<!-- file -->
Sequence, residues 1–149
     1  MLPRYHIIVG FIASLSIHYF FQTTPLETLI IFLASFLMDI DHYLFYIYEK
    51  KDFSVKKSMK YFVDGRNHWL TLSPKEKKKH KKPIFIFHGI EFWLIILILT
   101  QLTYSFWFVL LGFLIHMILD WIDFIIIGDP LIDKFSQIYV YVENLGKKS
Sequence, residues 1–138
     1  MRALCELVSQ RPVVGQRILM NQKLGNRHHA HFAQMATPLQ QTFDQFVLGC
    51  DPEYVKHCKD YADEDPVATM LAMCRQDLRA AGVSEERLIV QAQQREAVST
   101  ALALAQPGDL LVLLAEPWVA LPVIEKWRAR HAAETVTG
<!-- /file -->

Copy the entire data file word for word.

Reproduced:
Sequence, residues 1–149
     1  MLPRYHIIVG FIASLSIHYF FQTTPLETLI IFLASFLMDI DHYLFYIYEK
    51  KDFSVKKSMK YFVDGRNHWL TLSPKEKKKH KKPIFIFHGI EFWLIILILT
   101  QLTYSFWFVL LGFLIHMILD WIDFIIIGDP LIDKFSQIYV YVENLGKKS
Sequence, residues 1–138
     1  MRALCELVSQ RPVVGQRILM NQKLGNRHHA HFAQMATPLQ QTFDQFVLGC
    51  DPEYVKHCKD YADEDPVATM LAMCRQDLRA AGVSEERLIV QAQQREAVST
   101  ALALAQPGDL LVLLAEPWVA LPVIEKWRAR HAAETVTG